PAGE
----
With less than a week left before Christmas Day, I’ll resist the temptation to discuss our ongoing national turmoil and its implications for Crawley, or the latest improvements to the town being driven by Crawley Borough Council, and focus on something more seasonal.
Amongst all the fun with friends and family, the gift giving, and the food and the drink maybe we should take some time to consider those for whom Christmas will be very different.
Almost a million people in the UK have to work on Christmas Day. The most obvious groups affected work in our NHS, the blue-light services and the armed forces, without whom lives would be lost. However, they’re far from alone. We also need people to keep our utilities working, provide hospitality through the day, and keep our transport system operating. Locally, much of Gatwick continues to operate throughout the day. True, some of those working volunteer, but for many this isn’t the case and, contrary to popular belief, they aren’t all compensated for the inconvenience.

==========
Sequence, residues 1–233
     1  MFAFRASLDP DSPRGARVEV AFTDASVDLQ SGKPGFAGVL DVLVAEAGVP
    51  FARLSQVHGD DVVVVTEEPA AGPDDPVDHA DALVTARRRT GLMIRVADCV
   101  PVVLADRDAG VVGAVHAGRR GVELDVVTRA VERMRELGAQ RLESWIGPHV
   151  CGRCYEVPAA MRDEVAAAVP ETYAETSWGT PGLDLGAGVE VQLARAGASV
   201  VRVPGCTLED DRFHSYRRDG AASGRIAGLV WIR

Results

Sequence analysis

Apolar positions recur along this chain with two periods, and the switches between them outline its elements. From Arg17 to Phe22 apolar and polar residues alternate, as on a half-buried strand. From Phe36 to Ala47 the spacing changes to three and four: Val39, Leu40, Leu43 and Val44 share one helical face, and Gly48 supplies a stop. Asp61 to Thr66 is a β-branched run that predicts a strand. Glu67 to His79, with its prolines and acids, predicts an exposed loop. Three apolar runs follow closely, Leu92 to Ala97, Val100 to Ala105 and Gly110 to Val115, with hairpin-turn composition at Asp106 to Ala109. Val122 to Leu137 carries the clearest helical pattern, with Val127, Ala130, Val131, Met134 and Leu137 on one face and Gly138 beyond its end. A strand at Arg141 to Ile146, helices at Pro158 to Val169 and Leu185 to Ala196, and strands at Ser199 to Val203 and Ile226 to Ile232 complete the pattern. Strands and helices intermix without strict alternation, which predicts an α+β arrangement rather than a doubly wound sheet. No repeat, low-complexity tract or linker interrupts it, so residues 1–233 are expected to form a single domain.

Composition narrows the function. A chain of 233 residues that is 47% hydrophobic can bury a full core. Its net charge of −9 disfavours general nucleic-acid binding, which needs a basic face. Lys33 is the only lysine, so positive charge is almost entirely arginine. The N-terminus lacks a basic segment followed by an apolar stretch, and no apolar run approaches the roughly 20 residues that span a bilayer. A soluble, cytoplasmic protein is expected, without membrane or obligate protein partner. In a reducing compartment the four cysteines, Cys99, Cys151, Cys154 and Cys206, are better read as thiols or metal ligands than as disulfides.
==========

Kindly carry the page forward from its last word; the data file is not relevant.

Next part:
Next, there are the town’s homeless. Ironically, Christmas is, relatively speaking, not so bad as it’s the one time of year the public wake up and feel the duty to support local homeless shelters. It’s the other 364 days a year that Christmas Spirit could really be used.
Lastly, there are those for whom the basics of Christmas are something they can barely afford, if afford at all. In-work poverty has grown appallingly over the last eight years as cuts to public services and benefits have had their inevitable impact. As I pointed out two weeks ago, we now live in a town where over a quarter of local children are forced to live in poverty.
Now none of this should stop our enjoyment of the season, but when we consider the sacrifices and sufferings of those around us, perhaps when it’s over we ought ask ourselves if as a country we are doing everything we should to make their lives at least a little better.
With that thought, I wish you and your loved ones a very Merry Christmas.